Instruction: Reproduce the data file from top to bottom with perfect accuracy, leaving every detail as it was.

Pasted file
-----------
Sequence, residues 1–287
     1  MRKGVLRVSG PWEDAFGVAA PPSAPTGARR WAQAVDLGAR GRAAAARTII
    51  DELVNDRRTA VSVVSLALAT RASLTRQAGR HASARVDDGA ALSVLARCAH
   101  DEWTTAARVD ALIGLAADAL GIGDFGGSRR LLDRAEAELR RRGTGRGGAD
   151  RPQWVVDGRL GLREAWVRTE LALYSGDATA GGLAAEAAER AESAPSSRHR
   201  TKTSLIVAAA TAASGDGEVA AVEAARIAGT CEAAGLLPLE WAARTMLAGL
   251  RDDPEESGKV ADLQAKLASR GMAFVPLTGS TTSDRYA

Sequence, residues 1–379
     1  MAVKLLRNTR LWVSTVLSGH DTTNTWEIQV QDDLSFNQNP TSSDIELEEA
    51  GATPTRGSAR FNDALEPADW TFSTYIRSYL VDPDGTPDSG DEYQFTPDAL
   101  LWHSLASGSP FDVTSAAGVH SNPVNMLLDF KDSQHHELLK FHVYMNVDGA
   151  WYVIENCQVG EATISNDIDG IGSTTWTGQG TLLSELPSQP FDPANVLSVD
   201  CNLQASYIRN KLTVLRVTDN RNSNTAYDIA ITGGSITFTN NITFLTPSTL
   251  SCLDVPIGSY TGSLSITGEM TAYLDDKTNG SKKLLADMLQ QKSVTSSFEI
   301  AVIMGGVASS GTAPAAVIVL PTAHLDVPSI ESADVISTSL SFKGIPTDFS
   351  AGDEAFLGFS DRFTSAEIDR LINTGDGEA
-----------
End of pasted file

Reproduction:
Sequence, residues 1–287
     1  MRKGVLRVSG PWEDAFGVAA PPSAPTGARR WAQAVDLGAR GRAAAARTII
    51  DELVNDRRTA VSVVSLALAT RASLTRQAGR HASARVDDGA ALSVLARCAH
   101  DEWTTAARVD ALIGLAADAL GIGDFGGSRR LLDRAEAELR RRGTGRGGAD
   151  RPQWVVDGRL GLREAWVRTE LALYSGDATA GGLAAEAAER AESAPSSRHR
   201  TKTSLIVAAA TAASGDGEVA AVEAARIAGT CEAAGLLPLE WAARTMLAGL
   251  RDDPEESGKV ADLQAKLASR GMAFVPLTGS TTSDRYA

Sequence, residues 1–379
     1  MAVKLLRNTR LWVSTVLSGH DTTNTWEIQV QDDLSFNQNP TSSDIELEEA
    51  GATPTRGSAR FNDALEPADW TFSTYIRSYL VDPDGTPDSG DEYQFTPDAL
   101  LWHSLASGSP FDVTSAAGVH SNPVNMLLDF KDSQHHELLK FHVYMNVDGA
   151  WYVIENCQVG EATISNDIDG IGSTTWTGQG TLLSELPSQP FDPANVLSVD
   201  CNLQASYIRN KLTVLRVTDN RNSNTAYDIA ITGGSITFTN NITFLTPSTL
   251  SCLDVPIGSY TGSLSITGEM TAYLDDKTNG SKKLLADMLQ QKSVTSSFEI
   301  AVIMGGVASS GTAPAAVIVL PTAHLDVPSI ESADVISTSL SFKGIPTDFS
   351  AGDEAFLGFS DRFTSAEIDR LINTGDGEA